It’s time for me to make the Big change. In myself, in my life, in my drumming.
This year, I just turned 40. The Big 4-0. To celebrate, and to help invite that change into my life, I’m going to undergo 40 Days of Drumming. I will eat, sleep, and drum. That’s it. I will not be logging on to Facebook, I won’t be texting anyone, I won’t utter a word to another human being. I will be in isolation from the rest of the world, alone with me and my drums. My mom and dad have graciously offered up their home, and to help out with my food during this time. We still have to work out the details, but in a sense, they will be providing room and board. So I can simply go to the fridge and grab something to eat, then get back to drumming.
I want to re-invent myself as a drummer, re-invent HOW I approach the drums. I want to learn to play the drums in such a way that I can still play when I’m 80.
When this whole thing started, I kept thinking of it as Zombie Meditation Camp. Everyone wakes quietly at 4am, while it’s still basically night out, and gets ready in their own way. Some shower, some stay in bed till the last second, some brush teeth, but the wake up call is obviously not easy for most of us. Then the hooded zombies silently, and in single file, shuffle our way to the meditation hall. In this darkened hall, we all have 24″ square cloth-covered foam meditation cushions arranged neatly in about 12 rows front to back with 3 per row on the left for the men, and 4 on the right for the women. Our names are printed on pieces of paper where our assigned position will be for the next 10 days. We receive recorded instructions through a speaker system by the creator of this particular course, S.N. Goenka. Most meditation sessions begin with a recording of Goenka chanting the words of Buddha in the old language of India. He has a very low, resonant voice, and again, it’s more chanting than it is singing, so at times the sounds are unfamiliar, (“aaaaahhh, at the back of the throat”), and some of them almost very guttural. I begin to hear words that sound like english words pop out of the chanting…. “naked,” “Johnny say a hey hey,” some Japanese words, “manko (vagina),” “ato wa (next),” “anata (you)”, and a couple of things sound like Ewok speak: “Gu Du Gu Du,” “wally wally, jup jup”.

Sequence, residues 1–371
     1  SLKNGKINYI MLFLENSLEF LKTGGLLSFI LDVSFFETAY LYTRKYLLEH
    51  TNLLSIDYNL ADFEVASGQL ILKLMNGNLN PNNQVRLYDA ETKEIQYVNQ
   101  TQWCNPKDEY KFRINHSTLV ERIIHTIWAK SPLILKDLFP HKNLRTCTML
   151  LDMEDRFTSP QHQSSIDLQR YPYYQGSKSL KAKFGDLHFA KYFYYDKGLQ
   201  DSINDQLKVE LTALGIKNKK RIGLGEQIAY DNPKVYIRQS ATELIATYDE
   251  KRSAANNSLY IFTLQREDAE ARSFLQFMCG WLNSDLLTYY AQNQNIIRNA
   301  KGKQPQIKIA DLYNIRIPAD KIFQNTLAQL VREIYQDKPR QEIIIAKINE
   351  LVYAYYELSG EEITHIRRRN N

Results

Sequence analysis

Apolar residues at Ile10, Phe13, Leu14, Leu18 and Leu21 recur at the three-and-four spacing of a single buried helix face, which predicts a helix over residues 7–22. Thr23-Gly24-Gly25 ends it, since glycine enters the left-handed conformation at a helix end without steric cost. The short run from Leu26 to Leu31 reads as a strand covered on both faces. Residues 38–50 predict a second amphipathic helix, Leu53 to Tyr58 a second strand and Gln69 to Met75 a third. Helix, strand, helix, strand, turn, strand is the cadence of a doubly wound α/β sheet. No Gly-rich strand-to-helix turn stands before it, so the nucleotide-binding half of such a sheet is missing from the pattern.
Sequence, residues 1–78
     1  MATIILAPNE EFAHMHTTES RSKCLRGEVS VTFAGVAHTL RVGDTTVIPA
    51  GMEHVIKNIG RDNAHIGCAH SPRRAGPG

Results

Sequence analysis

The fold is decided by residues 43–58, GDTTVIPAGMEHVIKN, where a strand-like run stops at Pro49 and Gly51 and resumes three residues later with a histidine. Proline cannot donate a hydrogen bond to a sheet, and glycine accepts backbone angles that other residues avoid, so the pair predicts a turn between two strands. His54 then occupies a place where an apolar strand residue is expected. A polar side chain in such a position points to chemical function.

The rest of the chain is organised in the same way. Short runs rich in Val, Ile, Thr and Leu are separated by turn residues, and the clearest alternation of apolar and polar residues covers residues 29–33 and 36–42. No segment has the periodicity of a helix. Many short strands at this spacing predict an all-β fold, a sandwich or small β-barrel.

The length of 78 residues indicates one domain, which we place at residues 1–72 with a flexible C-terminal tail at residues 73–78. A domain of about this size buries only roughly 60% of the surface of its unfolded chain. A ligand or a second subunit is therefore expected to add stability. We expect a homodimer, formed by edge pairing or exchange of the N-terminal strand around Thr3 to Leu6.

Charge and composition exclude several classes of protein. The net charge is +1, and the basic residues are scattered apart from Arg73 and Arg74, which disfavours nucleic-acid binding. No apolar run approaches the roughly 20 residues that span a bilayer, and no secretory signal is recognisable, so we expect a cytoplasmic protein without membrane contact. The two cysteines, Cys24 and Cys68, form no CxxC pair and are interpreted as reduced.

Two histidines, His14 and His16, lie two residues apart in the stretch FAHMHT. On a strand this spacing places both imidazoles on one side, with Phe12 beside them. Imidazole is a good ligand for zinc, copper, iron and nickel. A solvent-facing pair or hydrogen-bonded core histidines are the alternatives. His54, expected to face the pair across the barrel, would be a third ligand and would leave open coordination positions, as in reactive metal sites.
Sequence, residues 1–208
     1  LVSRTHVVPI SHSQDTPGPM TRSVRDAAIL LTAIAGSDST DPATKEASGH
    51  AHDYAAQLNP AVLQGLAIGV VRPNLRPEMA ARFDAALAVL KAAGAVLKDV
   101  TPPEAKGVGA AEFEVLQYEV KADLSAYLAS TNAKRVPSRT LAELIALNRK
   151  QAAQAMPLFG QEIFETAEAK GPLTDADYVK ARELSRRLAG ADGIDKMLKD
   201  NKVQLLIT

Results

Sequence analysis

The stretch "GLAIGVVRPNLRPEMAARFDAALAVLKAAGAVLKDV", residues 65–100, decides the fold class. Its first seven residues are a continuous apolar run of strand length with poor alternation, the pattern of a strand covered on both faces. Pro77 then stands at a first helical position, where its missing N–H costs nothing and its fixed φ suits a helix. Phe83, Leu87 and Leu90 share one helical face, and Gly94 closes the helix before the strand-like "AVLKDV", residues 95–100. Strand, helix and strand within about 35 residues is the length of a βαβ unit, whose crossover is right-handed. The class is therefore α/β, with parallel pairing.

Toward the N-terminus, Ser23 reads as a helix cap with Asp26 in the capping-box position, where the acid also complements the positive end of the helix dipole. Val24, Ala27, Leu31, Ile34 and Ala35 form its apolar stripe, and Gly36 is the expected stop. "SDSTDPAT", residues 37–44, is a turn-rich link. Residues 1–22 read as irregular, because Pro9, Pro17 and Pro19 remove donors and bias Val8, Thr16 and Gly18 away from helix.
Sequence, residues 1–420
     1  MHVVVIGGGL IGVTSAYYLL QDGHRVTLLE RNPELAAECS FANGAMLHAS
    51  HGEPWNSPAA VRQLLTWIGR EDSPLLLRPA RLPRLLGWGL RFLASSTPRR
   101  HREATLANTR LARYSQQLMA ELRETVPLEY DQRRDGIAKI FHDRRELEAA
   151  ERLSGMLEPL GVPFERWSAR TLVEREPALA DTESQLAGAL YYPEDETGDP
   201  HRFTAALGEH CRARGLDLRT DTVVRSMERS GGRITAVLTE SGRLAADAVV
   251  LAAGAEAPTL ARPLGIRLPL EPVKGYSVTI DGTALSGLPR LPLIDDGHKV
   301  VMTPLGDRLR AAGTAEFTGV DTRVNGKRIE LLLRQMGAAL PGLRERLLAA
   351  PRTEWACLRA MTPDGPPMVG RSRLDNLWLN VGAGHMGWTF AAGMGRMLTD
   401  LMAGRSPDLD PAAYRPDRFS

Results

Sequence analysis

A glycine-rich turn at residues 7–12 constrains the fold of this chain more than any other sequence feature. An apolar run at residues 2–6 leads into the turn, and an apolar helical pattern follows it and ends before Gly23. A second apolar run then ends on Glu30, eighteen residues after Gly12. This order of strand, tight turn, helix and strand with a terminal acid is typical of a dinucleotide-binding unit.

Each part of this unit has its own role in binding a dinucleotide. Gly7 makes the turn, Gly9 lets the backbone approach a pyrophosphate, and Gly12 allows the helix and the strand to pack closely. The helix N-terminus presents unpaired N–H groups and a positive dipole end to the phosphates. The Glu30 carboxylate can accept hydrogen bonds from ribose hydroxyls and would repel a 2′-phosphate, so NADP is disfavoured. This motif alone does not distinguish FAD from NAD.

It’s as if I can feel all my fears coming to the surface…
I’m sitting in the Savannah, GA airport. The time is 5:11am. I haven’t slept. Stories of child murders, Boston bombings, and other stories in today’s horrific news resonate through the nearly empty terminal. Last night I sent one suitcase, and my trusty ‘tour’ bike home with Wes Day- one of the blue men here on tour, who was driving back to Orlando, and in fact is probably already there. I’m headed somewhere different…